That is a very interesting approach. I guess you could draw the line whenever the general public decide to add a specific species to the list. This sounds too complex to tackle. If you give them personhood, could they vote or apply for a driver's license? These species would have to be second class citizens in some fashion. That would open the door to classify some humans as second class citizens.Of course as others pointed out we are vastly more intelligent than most animals. A few species approach some of our mental capacities (without possessing the flexibility, variety, and complexity of our high number of capacities), including dolphins, pigs, great apes, chimpanzees, elephants, crows, dogs, and surprisingly, squirrels and octopuses. As impressive as certain studies are (like the mentioned language and math capacities in dolphins, the abilities that pigs have of playing videogames, and how certain chimpanzees can be trained to perform complex tasks), we haven't exactly found dolphins who composed symphonies like Beethoven's 9th or pigs who have launched spaceships and have touched down on the moon.
However when I think of it, degree of intelligence is not my main focus of concern. I do realize it is the focus of this thread so my contribution is a bit off-topic, but what I focus more, is on sentience, self-awareness, the understand of one's individual destiny and impending death, the ability to discern others as individuals, and similar operations that characterize what I'd see as personhood.
By now, there is no scientific doubt about the fact that some of the other animal species in the planet are also sentient and self-conscious.
I'm not particularly an animal lover, I don't have or desire to have pets, and I'm an omnivore.
However I do believe that certain animals qualify for being considered as persons, and I think they should benefit from some laws granting them some rights such as not being killed by humans for any purpose (be it sport or feeding).
If a dolphin recognizes himself on a mirror, has a name for himself and for his mate, has a concept of family, and mourns when a loved one passes away (and these traits have been more or less convincingly demonstrated in various studies), then a dolphin is a person, and as a person, shouldn't be killed for sport as certain people do especially in the Japanese culture. A person willingly killing a dolphin should be charged with a felony.
I'm not sure how a dolphin would compare to a human in terms of IQ. Certainly their kind of intelligence must be very different from ours and concepts can't be easily transferred from one species to another. Dolphins lack hands to manipulate the environment and can't use fire as a source of energy given their liquid environment. These impediments prevent dolphins from developing a civilization, but certain scientists believe they would be able to develop one, if they had the appropriate means to manipulate their environment.
In any case, even if certain species at best only reached an intelligence equivalent to that of a retarded human child (certain primates have been demonstrated to operate at an IQ estimated at about 50 which would correspond to that of a moderately mentally retarded child), killing a retarded child is a crime, therefore there is no justification for killing a dolphin just because their IQ is perhaps lower than ours (at least, from our side of how to understand and measure intelligence).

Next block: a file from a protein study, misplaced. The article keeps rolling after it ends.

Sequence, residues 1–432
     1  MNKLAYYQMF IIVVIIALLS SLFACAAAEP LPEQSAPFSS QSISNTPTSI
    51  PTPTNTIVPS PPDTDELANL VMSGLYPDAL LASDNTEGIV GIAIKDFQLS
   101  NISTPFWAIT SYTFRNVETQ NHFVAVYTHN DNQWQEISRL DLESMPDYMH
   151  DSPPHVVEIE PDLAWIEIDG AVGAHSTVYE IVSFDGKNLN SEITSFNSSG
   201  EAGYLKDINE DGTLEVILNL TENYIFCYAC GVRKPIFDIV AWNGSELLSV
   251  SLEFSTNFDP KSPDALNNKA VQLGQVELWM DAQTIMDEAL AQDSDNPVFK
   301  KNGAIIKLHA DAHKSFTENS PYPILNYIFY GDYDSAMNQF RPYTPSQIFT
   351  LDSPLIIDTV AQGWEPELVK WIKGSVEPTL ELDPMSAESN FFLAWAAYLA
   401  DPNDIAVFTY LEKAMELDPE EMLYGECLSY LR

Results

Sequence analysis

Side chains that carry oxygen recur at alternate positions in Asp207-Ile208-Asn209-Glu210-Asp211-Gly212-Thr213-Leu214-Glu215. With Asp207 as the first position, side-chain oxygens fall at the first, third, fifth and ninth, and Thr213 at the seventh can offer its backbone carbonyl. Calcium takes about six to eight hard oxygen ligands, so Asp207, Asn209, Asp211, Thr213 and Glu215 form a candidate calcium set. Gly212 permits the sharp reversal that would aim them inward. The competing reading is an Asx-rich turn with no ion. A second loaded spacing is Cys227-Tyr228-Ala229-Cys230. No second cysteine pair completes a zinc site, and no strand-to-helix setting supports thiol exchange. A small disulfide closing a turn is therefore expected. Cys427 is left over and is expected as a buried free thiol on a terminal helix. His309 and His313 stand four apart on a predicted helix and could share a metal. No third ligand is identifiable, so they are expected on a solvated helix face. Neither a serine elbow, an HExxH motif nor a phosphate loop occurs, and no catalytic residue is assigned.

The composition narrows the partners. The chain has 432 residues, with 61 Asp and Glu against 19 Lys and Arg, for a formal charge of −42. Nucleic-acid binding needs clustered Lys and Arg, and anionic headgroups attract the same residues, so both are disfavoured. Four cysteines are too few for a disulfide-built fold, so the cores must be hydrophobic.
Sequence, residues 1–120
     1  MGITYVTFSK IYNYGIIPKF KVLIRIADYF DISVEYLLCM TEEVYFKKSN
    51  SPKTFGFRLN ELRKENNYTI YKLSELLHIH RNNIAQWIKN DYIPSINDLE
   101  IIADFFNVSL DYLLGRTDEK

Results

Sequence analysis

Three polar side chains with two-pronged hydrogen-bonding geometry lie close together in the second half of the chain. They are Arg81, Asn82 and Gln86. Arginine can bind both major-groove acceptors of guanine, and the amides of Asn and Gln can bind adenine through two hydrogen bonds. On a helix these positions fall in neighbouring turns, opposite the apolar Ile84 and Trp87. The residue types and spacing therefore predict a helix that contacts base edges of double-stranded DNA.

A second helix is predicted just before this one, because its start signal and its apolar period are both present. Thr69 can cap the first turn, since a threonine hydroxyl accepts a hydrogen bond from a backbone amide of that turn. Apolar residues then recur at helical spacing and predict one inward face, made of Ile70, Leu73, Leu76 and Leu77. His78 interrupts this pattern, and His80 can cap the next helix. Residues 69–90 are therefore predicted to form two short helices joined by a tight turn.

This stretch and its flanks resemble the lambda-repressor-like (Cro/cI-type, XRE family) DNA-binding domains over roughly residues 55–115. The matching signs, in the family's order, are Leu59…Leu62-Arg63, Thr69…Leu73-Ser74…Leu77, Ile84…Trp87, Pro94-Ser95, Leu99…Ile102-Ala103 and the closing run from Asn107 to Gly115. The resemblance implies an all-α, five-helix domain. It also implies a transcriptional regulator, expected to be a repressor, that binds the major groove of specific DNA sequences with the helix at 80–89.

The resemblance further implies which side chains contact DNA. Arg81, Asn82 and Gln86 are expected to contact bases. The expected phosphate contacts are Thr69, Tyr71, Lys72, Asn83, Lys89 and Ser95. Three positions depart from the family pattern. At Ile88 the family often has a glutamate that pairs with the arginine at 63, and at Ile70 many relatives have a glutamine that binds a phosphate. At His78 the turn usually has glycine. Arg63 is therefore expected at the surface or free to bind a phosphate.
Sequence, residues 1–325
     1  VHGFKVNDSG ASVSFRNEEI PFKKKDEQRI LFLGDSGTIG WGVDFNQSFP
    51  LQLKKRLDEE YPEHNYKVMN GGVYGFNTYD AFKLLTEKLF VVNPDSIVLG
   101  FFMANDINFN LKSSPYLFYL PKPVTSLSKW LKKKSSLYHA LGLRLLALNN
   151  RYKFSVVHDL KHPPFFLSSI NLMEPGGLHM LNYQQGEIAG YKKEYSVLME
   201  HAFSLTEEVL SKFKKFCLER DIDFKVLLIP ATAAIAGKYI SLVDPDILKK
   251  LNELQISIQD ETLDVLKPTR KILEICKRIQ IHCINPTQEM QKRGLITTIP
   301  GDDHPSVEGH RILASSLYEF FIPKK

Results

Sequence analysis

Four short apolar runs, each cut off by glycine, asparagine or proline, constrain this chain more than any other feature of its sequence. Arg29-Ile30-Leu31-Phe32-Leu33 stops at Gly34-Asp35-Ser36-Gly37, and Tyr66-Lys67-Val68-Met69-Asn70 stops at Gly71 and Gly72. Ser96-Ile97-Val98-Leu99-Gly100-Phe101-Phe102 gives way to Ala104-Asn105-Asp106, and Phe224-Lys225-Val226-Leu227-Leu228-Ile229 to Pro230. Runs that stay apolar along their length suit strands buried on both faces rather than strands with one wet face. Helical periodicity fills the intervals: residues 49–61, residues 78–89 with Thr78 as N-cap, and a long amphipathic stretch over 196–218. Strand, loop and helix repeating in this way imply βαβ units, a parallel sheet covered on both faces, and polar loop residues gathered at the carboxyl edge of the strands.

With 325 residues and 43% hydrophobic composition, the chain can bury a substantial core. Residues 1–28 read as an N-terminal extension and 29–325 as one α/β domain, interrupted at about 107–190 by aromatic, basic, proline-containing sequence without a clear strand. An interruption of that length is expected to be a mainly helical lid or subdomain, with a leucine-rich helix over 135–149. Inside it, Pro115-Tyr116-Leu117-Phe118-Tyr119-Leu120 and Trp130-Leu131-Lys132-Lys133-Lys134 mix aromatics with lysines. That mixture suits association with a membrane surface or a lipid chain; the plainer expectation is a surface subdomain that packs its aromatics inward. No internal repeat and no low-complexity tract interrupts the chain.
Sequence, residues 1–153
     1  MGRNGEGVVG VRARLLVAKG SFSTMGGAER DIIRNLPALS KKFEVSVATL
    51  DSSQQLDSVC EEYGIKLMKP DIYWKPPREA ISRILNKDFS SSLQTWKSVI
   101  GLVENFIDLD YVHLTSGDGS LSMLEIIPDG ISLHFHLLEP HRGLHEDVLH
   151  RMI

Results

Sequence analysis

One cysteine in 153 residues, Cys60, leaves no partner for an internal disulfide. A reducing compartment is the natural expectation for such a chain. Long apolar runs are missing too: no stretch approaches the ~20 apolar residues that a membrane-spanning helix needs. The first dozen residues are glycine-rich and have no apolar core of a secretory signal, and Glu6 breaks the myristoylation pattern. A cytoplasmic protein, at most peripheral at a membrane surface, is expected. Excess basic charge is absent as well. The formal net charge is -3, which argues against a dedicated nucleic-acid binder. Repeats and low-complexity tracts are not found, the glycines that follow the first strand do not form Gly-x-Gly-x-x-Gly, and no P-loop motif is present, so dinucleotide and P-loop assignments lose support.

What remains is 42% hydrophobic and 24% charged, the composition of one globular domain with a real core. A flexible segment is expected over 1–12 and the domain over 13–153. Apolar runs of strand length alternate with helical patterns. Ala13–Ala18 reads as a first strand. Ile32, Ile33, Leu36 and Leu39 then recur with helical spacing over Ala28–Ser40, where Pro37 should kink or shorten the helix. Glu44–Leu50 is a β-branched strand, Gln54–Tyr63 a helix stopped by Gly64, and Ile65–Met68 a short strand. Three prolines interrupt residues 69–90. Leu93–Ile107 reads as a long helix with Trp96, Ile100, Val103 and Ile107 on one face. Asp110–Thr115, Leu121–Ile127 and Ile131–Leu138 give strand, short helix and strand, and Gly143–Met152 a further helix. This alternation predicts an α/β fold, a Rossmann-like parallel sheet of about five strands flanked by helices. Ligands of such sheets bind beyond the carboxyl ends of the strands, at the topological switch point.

So, without going to extremes (for example, I think a chicken and a cow and fish are fairly mindless creatures that are basically live stock raised or hunted/fished for human food consumption, and I have no problem whatsoever with killing and eating them), I believe that at least those animal species found to be sentient, self-aware, and most intelligent, should be protected and left alone to enjoy themselves the way they feel fit, and should be taken out of the human food chain or pleasure hunting targets.
It's a form of kindness that we'd like to enjoy and deserve, if a species of hyper-intelligent space aliens came to Earth one day with an intelligence vastly superior to ours. We wouldn't appreciate it if they killed us just because our IQs were lower than theirs.
I'd want a good body of evidence and scientific consensus to establish a short list of demonstrably sentient/self-aware/highly intelligent species, and I'd pass legislation making it illegal and a felony to kill them.
Where to dry the line? Of course, it's difficult to say for sure, since according to a panel of scientists from Oxford University, most specials of mammals and birds have at least some form of rudimentary sentience.
I'd draw the line fairly high (or else we'd impact on human food resources) - like I said, it would be a short list of species - but even if this left out some arguably sentient species, this would still be better than the current situation in which killing dolphins, pigs, elephants, and great apes in most places is not illegal, at least not outside the realm of endangered species legislation.
My justification for not killing them has nothing to do with endangered species, which I consider to be a rather silly concept (let's leave Mother Nature alone; species have gone extinct by the billions for the entire history of the planet), but rather, with personhood. I don't care if there are 100 million dolphins or 100 of them left. I'd still find wrong to kill any of them, based on the fact that they seem to be able to think and to understand who they are and what is their individual destiny.
I like your thinking very much. It was very fun to read your post. I really liked it.